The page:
Twenty-seven years ago, Bella Abzug introduced the first comprehensive gay civil rights bill in the history of the Congress. Now the Senate at long last stands poised to pass what remains of that bill–the Employment Non-Discrimination Act (ENDA), which would prohibit discrimination in the workplace on the basis of sexual orientation. As ENDA chief sponsor Senator Ted Kennedy puts it, “More than a quarter-century later, we are long overdue in providing this basic protection to America’s work force.”

ENDA is likely to be brought to the Senate floor by majority leader Tom Daschle for a vote this summer. Its forty-three sponsors include three Republicans (Rhode Island’s Lincoln Chafee, Pennsylvania’s Arlen Specter and Oregon’s Gordon Smith), and gay lobbyists and Senate staffers believe there are enough votes to pass it by a narrow margin. But even though polls show that nearly two-thirds of Americans support the principles embodied in the bill–no discrimination in hiring and firing, compensation, or advancement on the basis of whom one loves-the puissant religious right is mounting a fierce lobbying campaign against ENDA; and in an election year, fainthearted solons may stray at the eleventh hour.

ENDA’s bipartisan support has been won at a high price. The bill in its current form contains exemptions for nearly any institution claiming a religious connection; for small businesses of fourteen employees or less; and for voluntary nonprofits like the Boy Scouts. It specifically prohibits the Equal Employment Opportunity Commission from collecting statistics on sexual orientation or from compelling employers to do so-diluting its enforceability. It does not require businesses to provide to same-sex couples the domestic partnership benefits accorded to different-sex couples. And it contains no protection for the transgendered-even though the visibility of gender-nonconformists makes them high-profile targets for bigotry.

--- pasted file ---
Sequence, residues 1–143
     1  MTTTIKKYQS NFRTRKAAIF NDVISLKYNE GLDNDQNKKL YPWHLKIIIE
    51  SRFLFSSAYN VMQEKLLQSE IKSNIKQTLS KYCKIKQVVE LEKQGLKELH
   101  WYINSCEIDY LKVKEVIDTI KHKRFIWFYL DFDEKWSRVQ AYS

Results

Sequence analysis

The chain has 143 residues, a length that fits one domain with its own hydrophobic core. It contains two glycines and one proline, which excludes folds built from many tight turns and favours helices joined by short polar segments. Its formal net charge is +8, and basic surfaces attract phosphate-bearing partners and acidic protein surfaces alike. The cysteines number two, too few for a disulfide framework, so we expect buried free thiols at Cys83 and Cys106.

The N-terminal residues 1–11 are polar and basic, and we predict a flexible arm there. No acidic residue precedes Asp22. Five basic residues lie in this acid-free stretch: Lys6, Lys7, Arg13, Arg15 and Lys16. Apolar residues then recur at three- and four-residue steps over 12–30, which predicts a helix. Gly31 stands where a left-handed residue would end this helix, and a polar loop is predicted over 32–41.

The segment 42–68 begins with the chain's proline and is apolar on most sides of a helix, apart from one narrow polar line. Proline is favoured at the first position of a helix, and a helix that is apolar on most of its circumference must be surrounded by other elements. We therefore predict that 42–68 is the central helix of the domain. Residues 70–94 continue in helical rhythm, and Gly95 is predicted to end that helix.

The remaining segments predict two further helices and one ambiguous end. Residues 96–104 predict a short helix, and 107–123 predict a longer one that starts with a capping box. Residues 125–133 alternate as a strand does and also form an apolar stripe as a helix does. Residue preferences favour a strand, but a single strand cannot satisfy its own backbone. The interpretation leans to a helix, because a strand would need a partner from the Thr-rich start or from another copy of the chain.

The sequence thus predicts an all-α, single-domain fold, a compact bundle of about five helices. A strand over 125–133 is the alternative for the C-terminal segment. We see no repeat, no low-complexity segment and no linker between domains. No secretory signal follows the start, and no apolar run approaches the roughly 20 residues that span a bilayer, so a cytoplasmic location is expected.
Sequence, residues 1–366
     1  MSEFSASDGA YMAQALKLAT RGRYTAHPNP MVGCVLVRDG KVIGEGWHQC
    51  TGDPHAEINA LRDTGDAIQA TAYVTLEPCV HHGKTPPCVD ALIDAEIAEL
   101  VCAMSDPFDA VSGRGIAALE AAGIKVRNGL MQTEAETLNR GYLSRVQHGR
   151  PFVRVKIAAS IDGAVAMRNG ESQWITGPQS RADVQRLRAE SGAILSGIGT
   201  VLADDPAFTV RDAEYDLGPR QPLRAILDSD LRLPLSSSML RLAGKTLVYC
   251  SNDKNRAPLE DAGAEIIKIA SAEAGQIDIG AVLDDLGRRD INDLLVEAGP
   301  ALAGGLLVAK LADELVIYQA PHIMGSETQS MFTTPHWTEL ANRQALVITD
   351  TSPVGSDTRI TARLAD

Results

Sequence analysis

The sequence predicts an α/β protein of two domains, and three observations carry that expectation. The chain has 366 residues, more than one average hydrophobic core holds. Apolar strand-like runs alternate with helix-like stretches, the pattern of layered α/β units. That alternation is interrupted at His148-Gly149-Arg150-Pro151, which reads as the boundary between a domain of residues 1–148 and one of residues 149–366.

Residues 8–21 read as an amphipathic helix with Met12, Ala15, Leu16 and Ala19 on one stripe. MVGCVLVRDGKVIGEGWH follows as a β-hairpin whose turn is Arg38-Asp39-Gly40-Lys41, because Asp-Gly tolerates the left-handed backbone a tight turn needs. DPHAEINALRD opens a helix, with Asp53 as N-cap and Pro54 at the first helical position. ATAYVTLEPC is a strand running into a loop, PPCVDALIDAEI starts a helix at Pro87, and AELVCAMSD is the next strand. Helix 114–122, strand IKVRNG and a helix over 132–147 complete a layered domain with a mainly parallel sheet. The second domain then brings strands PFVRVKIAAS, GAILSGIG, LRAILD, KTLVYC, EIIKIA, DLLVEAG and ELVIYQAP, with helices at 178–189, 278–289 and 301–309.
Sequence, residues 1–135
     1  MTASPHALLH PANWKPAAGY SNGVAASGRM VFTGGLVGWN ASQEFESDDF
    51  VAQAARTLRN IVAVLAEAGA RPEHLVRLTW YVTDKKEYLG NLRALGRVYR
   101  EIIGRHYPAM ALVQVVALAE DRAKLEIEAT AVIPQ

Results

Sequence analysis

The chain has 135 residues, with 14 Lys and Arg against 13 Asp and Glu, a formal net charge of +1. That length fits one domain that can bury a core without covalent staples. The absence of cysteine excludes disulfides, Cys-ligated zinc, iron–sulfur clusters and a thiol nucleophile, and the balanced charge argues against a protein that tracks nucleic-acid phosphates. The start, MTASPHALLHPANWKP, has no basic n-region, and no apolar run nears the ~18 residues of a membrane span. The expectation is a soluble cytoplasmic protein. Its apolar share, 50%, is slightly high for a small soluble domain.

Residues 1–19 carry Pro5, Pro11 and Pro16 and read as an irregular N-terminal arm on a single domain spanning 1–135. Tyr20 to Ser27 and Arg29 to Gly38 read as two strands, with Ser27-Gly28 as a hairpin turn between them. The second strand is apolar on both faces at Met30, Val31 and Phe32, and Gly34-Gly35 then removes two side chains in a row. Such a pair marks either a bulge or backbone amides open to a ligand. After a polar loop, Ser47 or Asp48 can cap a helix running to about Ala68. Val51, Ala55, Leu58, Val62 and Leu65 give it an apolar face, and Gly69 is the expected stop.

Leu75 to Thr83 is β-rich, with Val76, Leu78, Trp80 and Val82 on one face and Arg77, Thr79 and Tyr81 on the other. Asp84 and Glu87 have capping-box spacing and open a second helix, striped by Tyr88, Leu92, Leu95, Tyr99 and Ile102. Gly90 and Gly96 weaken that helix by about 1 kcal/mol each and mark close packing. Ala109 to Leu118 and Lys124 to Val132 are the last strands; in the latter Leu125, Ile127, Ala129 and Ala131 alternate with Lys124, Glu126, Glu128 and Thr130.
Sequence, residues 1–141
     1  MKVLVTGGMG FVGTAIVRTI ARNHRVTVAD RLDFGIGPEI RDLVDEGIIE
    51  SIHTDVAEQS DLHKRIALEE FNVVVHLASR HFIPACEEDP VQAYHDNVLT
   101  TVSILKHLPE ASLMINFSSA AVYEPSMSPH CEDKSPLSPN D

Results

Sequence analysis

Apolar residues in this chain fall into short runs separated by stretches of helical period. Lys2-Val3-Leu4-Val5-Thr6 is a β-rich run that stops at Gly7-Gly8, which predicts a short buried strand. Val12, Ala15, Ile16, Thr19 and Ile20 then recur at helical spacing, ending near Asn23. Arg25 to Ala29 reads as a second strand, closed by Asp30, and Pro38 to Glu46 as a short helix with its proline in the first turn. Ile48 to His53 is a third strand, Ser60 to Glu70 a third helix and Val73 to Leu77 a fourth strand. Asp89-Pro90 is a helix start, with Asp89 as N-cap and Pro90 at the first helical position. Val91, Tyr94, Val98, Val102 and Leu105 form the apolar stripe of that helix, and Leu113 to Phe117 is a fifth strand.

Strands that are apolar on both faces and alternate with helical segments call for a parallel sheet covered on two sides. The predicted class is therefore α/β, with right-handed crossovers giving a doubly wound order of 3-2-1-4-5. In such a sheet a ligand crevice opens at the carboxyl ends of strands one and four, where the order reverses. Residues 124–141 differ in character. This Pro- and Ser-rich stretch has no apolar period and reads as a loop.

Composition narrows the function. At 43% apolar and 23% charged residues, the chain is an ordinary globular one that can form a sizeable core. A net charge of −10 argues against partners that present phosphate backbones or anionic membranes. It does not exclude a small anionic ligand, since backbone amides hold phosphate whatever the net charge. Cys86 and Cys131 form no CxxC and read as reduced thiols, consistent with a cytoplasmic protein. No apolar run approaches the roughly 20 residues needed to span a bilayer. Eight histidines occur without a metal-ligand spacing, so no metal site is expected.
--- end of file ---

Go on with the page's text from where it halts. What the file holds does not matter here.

Exclusion of the transgendered is no longer a fringe issue–in just the past few weeks, a number of cities (Dallas, Philadelphia, New York City) have extended civil rights protections to “trannies.” ENDA’s silence on this matter is one reason the country’s second-largest gay rights group, the National Gay and Lesbian Task Force (NGLTF), is less than enthusiastic. “The bill Bella introduced in the seventies included housing and public accommodations, which this watered-down version doesn’t,” says NGLTF’s Betsy Gressler. “And our mission statement was changed four years ago to include the transgendered-which this bill doesn’t. We’re not opposed to it or trying to sabotage it-we’re just not putting a lot of resources into it.”

But the history of progress in all civil rights legislation has always been an incremental one, unfortunate though that may be; and with gay conservatives-from the Log Cabin Republicans to the Independent Gay Forum–questioning the need for ENDA (and thus providing cover for President Bush, who opposes such laws), it’s crucial that progressives make the most of this best chance to have the Senate finally go on record and say that job bigotry against gays is illegal.

Steve Elmendorf, chief of staff to House minority leader Dick Gephardt, says, “There is a bipartisan majority in both houses to pass this bill.” But the House GOP leadership has made it clear that it will never allow ENDA to get to the floor for a vote. That’s one more reason, says openly gay Representative Barney Frank, that Senate passage of ENDA is imperative: “It not only will make an important statement to the country, it will then be clear that it’s Republican control of the House that is blocking progress, and allow us to focus on the remaining Congressional political obstacles.” And, Frank adds, it will expose the fallacy of “the Human Rights Campaign’s insistence on supporting more and more Republicans so they’ll vote for it.” In the latest chapter of its wrongheaded, GOP-coddling strategy, HRC, the nation’s largest gay lobby, gave a dual endorsement to two Connecticut incumbents pitted against each other in a tossup House contest by redistricting-GOPer Nancy Johnson, whose HRC voting record in this 107th Congress has already declined to only 68 percent, and liberal Democrat Jim Maloney, who has a consistent 100 percent progay voting record. Senate passage of ENDA will help educate gay voters that, as Frank puts it, “HRC’s attitude doesn’t make sense.”

Senator Judd Gregg has announced he’ll try to amend ENDA to allow states to exempt themselves from it–effectively gutting the bill. In the fight to pass ENDA, local constituent letters to senators are of critical importance. We urge Nation readers to take just five minutes to write or e-mail their senators, demanding they vote for ENDA with no further crippling amendments. This could well be the last chance to pass ENDA for years if the Democrats lose their one-vote Senate majority this fall. Time’s a-wastin’. Do it now.